Funny how people despise platitudes, when they are usually the truest thing going. A thing has to be pretty true before it gets to be a platitude.
But perhaps there are in us forces other than mind and heart, other even than the senses - mysterious forces which take hold of us in the moments when the others are asleep; and perhaps it was such forces that Melchior had found in the depths of those pale eyes which had looked at him so timidly one evening when he had accosted the girl on the bank of the river, and had sat down beside her in the reeds - without knowing why - and had given her his hand.
Because you have no memory for things that happened ten or twenty years ago, you're still mouthing the same nonsense as two thousand years ago. Worse, you cling with might and main to such absurdities as 'race,' 'class,' 'nation,' and the obligation to observe a religion and repress your love.
It turned out I was pretty good in science. But again, because of the small budget, in science class we couldn't afford to do experiments in order to prove theories. We just believed everything. Actually, I think that class was called Religion. Religion class was always an easy class. All you had to do was suspend the logic and reasoning you were being taught in all the other classes.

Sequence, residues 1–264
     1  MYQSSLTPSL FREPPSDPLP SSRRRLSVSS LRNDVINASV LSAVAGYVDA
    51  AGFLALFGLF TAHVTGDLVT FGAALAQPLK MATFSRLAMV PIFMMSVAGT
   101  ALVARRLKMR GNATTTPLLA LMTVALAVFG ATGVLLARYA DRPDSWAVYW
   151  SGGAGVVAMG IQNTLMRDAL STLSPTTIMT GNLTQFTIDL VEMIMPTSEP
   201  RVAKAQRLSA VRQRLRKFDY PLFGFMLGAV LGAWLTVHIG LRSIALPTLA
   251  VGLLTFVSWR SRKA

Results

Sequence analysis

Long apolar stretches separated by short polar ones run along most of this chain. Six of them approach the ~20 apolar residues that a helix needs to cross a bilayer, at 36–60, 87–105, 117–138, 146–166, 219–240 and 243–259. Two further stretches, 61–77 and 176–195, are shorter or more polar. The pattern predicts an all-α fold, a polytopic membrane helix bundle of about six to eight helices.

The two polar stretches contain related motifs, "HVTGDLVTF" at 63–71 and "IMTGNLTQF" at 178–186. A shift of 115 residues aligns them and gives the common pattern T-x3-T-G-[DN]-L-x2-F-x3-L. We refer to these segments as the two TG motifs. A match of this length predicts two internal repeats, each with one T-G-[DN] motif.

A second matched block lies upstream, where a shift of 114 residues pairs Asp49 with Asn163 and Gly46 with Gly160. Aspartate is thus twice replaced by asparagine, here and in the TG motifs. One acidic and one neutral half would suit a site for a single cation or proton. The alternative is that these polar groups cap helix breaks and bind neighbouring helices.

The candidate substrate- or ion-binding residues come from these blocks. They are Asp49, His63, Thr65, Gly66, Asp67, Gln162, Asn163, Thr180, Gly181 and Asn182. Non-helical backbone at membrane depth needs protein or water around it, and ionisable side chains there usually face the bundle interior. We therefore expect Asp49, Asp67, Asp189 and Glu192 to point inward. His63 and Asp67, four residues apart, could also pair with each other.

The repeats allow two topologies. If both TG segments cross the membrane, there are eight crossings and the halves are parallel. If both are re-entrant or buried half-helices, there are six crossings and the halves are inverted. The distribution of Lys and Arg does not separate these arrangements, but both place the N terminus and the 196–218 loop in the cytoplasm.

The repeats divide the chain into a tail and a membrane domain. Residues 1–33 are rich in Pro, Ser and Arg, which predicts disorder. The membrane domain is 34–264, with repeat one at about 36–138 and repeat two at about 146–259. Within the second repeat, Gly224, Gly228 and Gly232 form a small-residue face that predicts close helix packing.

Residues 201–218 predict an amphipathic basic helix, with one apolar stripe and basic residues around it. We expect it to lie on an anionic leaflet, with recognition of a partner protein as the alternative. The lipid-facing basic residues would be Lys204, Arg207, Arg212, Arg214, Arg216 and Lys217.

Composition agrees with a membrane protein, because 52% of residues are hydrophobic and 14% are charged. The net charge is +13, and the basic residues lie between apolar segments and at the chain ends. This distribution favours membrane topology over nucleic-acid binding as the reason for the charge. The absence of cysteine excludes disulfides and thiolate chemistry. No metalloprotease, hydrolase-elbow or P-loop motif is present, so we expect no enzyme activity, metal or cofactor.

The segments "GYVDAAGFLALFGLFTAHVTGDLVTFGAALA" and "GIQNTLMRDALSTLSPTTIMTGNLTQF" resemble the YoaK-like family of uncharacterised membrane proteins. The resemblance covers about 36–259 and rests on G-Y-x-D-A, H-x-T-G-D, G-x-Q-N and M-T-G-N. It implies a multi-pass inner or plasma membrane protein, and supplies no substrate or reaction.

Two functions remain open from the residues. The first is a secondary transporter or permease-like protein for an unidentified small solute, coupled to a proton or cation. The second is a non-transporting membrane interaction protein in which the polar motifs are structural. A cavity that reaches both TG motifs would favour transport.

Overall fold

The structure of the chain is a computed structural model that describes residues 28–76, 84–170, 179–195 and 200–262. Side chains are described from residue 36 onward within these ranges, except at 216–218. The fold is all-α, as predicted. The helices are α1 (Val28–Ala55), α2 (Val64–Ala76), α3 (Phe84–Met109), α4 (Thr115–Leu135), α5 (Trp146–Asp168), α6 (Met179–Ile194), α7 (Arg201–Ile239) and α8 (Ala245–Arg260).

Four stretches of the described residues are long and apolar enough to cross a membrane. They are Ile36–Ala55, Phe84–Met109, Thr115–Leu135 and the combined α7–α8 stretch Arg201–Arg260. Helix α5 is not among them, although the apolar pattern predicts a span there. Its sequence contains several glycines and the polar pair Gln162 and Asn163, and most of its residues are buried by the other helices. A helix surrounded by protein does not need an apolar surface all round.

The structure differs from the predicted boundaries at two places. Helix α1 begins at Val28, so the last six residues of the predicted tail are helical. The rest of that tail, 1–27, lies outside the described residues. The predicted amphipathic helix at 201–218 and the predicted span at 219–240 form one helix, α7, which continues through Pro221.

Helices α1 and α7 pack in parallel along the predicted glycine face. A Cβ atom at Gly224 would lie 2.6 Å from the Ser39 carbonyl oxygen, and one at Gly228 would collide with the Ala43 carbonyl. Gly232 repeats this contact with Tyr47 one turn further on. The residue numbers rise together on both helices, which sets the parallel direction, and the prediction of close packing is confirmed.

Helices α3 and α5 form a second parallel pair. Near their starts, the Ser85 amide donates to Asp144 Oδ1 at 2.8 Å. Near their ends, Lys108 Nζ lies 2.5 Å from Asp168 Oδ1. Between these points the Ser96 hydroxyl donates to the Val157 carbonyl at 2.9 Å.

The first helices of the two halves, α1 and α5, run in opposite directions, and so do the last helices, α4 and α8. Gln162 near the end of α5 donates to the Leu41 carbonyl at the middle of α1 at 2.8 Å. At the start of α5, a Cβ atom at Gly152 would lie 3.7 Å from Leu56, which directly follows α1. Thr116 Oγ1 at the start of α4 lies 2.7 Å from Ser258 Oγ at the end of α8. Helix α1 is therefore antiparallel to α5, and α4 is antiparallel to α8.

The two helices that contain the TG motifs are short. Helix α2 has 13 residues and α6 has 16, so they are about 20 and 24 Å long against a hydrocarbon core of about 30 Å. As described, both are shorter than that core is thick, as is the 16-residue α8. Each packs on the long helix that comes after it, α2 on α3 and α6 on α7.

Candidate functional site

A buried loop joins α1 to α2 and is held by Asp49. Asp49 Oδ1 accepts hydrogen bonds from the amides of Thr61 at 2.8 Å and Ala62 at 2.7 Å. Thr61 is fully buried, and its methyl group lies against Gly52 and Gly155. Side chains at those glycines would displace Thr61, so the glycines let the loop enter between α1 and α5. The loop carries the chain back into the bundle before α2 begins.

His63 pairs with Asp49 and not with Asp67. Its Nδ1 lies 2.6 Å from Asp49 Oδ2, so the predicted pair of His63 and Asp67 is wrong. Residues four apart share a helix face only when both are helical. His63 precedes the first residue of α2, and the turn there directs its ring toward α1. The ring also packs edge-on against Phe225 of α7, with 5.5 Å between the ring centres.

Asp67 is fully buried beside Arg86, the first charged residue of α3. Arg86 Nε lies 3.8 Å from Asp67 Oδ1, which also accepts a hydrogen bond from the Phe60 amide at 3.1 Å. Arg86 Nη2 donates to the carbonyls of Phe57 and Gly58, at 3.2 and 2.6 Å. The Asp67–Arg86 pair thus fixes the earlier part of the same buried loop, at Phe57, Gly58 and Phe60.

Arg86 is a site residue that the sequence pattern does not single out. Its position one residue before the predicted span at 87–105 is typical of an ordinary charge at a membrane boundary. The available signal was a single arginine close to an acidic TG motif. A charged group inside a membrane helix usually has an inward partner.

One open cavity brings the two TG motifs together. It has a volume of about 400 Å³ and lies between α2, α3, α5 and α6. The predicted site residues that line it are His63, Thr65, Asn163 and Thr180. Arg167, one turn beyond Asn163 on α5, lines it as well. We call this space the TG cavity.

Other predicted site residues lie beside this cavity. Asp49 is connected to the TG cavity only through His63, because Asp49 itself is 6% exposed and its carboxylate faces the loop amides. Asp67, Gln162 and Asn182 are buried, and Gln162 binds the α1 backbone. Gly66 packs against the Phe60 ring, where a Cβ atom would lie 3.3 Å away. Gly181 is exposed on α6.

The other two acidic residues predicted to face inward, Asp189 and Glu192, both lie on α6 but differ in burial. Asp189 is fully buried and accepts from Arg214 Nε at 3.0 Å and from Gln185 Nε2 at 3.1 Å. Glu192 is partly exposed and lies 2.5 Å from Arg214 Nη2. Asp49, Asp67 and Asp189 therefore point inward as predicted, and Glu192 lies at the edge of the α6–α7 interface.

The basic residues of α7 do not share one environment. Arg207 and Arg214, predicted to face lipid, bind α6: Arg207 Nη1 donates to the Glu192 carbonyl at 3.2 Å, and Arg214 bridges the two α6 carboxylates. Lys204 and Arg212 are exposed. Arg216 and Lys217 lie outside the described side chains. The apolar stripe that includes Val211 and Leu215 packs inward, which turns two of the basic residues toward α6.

To me it seems that too many young women of this time share the same creed. 'Live, laugh, love, be nothing but happy, experience everything, et cetera et cetera.' How monotonous, how useless this becomes. What about the honors of Joan of Arc, Beauvoir, Stowe, Xena, Princess Leia, or women that would truly fight for something other than just their own emotions?
When you get down to the bottom of it, only about half of what we remember really happened. We tend to modify things to make ourselves look better in our own eyes and in the eyes of others. Then, if what we did wasn't really very admirable, we tend to forget that it ever happened. A normal human being's grasp on reality is very tenuous at best. Our imaginary lives are usually much nicer.
Then it was that Jo, living in the darkened room, with that suffering little sister always before her eyes and that pathetic voice sounding in her ears, learned to see the beauty and the sweetness of Beth's nature, to feel how deep and tender a place she filled in all hearts, and to acknowledge the worth of Beth's unselfish ambition to live for others, and make home happy by that exercise of those simple virtues which all may possess, and which all should love and value more than talent, wealth, or beauty.
the only way in which a human being can make some approach to knowing the whole of a subject, is by hearing what can be said about it by persons of every variety of opinion, and studying all modes in which it can be looked at by every character of mind. No wise man ever acquired his wisdom in any mode but this; nor is it in the nature of human intellect to become wise in any other manner.